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Success of labour codes depend on framing, implementation: Vishal Grover of Aon India

Grover further noted that the long-term objective of the labour reforms should be to create more employment opportunities as India is set to surpass China as the most populous nation

twitter-logoPTI | October 18, 2020 | Updated 21:29 IST
Success of labour codes depend on framing, implementation: Vishal Grover of Aon India

The recent government regulation to subsume multiple labour laws into four codes is a major reform but the overall success of the labour codes would depend on how the rules are framed and implemented on the ground, says an expert. Parliament in its just-concluded session passed three labour code bills: the Industrial Relations (IR) Code, the Social Security Code, and the Occupational Safety, Health and Working Conditions Code (OSH).

The Wage Code Bill, 2019, was passed by Parliament last year.

"A delicate balance was needed to meet the needs of both employers and employees and the provisions in the Codes appear to have met that balance," said Vishal Grover, Practice Leader, Retirement Solutions, Aon India.

According to Grover, some of the big reforms impacting employers include flexibility to hire fixed-term employees, relaxation in rules around retrenchment, inability of unions to go on strike without giving sixty-day notice to the employer and single licensing norms for contractors.

From an employee's perspective, commitment to set up social security plans for unorganised, gig and platform workers is a step in the right direction considering the growth of aggregator platforms.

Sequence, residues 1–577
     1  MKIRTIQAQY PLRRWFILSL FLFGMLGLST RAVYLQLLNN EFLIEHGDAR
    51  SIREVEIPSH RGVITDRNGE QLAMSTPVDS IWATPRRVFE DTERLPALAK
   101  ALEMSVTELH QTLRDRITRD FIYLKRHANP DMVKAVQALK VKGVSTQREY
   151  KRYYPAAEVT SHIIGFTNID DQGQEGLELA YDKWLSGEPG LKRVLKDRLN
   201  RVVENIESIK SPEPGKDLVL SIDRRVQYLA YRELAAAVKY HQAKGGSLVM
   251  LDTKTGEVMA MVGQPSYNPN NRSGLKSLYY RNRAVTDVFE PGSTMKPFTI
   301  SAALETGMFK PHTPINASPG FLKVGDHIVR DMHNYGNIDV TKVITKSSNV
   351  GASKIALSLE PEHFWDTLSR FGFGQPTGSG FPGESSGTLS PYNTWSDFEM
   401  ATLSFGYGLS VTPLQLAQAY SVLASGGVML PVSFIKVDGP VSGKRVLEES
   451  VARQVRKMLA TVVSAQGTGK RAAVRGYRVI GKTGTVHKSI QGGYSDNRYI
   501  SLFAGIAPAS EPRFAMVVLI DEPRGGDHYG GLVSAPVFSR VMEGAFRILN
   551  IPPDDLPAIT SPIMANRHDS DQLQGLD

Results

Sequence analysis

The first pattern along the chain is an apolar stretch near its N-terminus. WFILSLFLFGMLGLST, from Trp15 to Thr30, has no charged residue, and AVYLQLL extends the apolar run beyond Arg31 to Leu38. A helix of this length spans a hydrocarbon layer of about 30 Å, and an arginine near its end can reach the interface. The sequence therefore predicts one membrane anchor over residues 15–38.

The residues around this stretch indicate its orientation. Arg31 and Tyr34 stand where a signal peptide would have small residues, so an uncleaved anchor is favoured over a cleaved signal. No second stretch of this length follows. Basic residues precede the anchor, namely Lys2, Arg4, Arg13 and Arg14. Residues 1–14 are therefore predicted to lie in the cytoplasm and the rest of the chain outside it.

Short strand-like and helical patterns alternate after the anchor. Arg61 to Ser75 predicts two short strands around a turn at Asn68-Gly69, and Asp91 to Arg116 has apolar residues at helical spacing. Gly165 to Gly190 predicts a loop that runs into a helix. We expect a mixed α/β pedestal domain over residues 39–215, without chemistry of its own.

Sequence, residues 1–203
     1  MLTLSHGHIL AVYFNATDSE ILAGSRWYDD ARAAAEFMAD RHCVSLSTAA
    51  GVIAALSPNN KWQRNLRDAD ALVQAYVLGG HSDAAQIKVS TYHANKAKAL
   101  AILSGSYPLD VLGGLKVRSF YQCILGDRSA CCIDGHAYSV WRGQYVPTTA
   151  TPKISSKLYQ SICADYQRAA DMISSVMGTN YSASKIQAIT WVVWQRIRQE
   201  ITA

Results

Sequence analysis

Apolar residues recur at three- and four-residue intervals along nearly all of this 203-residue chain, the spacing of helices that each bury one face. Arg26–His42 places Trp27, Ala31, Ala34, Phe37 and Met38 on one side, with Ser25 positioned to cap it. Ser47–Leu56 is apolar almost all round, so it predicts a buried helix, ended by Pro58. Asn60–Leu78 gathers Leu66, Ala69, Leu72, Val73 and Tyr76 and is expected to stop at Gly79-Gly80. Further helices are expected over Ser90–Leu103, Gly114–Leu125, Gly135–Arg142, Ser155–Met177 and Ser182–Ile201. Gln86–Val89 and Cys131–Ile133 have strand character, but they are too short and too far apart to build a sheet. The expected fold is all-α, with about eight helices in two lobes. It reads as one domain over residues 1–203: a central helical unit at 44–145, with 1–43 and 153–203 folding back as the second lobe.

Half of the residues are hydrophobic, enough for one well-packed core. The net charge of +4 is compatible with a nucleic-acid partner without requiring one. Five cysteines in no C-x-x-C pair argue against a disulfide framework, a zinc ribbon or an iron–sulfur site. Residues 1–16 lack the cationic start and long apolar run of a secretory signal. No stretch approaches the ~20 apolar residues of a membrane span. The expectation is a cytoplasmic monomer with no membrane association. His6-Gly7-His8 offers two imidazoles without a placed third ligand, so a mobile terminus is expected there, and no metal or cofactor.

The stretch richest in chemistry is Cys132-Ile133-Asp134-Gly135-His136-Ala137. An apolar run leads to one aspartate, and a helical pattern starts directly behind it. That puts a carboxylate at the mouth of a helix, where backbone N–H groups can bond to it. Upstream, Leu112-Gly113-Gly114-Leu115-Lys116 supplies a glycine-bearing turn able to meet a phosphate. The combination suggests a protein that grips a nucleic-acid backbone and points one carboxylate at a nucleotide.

Moreover, women workers have been empowered by allowing their employment during night shifts subject to safety protocols being observed, mandating pay-parity for fixed-term employees and continuing with existing rules around 8 working hours a day and paid maternity leave of 26 weeks, he said.

"Overall, the success of the Codes would depend on how rules are framed and implemented on the ground over the next few months and how organisations adapt to these changes," he noted.

According to Grover, the flexibility to hire workers on a fixed-term basis without any restriction could be a game changer as it would force organisations to review their employment models and could lead to a sharp increase in hiring of fixed-term employees - both white and blue collared.

"It remains to be seen if an increase in fixed-term employees would be at the expense of the permanent workforce which would be a concern," he said.

He further noted that the long-term objective of the labour reforms should be to create more employment opportunities as India is expected to surpass China to become the most populous country in the next few years and would continue to add millions of new workforce to the economy every year making it critical for the country to create new jobs.

Further, India would start losing the demographic dividend over the next couple of decades and senior citizens are estimated to constitute around 20 per cent of the population by 2050 and hence, a strong social security system is the need of the hour.

"Sustainable programs including life cover, health insurance, old age protection, housing should be set up for unorganized, gig and platform workers as promised by the Code," he said.

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